02 November 2018
The idea that the language that you speak influences how you think about and experience the world (the so-called Sapir-Whorf hypothesis) has a long and storied history.
A lot of research into the issue has focused on colour perception, and evidence has accumulated that people whose native languages have different colour categories don’t see the world in quite the same way.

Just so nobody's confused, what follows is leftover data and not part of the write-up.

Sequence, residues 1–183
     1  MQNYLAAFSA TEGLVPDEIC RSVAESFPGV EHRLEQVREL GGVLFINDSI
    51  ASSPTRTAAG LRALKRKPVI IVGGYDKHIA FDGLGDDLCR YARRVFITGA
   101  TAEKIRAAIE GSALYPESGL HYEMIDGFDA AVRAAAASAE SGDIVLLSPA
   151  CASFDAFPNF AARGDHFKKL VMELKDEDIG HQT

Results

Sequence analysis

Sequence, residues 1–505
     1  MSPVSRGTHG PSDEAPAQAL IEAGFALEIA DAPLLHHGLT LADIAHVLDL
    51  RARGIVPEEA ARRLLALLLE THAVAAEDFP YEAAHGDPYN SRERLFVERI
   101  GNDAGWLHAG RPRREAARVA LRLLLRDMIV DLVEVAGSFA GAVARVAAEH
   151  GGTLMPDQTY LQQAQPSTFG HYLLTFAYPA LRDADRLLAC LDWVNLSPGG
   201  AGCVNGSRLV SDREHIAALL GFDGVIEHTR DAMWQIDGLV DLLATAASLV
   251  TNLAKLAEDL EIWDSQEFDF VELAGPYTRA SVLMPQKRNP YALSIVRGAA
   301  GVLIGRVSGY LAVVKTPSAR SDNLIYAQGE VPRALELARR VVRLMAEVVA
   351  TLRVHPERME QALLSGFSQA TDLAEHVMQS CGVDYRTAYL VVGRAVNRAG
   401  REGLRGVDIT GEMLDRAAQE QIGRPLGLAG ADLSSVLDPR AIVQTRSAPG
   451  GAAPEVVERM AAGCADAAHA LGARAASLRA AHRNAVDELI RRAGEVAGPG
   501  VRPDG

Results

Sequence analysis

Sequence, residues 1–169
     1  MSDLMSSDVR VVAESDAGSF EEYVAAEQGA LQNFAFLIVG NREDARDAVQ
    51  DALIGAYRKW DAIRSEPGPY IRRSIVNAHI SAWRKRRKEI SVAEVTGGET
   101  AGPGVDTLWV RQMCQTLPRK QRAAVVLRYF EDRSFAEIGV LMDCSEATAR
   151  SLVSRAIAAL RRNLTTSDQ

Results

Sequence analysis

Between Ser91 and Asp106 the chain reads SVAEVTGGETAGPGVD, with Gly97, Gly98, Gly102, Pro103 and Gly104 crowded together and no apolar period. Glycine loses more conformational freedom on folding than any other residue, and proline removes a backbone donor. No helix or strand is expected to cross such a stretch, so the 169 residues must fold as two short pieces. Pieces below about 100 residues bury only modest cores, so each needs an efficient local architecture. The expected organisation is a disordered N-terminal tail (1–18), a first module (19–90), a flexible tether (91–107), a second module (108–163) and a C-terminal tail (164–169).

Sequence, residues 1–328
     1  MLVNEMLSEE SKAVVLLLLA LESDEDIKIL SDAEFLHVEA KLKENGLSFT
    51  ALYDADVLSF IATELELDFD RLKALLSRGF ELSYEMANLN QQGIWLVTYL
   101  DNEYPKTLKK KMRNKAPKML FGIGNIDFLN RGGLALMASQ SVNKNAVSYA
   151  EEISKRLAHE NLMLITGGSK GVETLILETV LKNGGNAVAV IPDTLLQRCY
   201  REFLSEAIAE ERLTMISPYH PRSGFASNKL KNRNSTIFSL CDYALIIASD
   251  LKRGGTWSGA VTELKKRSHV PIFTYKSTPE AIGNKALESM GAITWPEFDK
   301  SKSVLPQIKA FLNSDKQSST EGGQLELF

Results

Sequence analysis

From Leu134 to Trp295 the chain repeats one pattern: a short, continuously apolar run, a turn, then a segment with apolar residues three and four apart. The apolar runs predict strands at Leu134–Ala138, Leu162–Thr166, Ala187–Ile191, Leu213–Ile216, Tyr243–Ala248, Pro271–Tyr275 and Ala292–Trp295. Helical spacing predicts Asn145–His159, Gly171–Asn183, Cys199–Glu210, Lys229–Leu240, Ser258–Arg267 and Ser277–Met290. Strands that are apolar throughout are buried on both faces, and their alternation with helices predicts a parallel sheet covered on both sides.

Now in a new paper, published in Psychological Science, Martin Maier and Rasha Abdel Rahman at the Humboldt University of Berlin report that by affecting visual processing at an early stage, such linguistic differences can even determine whether someone will see a coloured shape – or they won’t.
“Our native language is thus one of the forces that determine what we consciously perceive,” they write.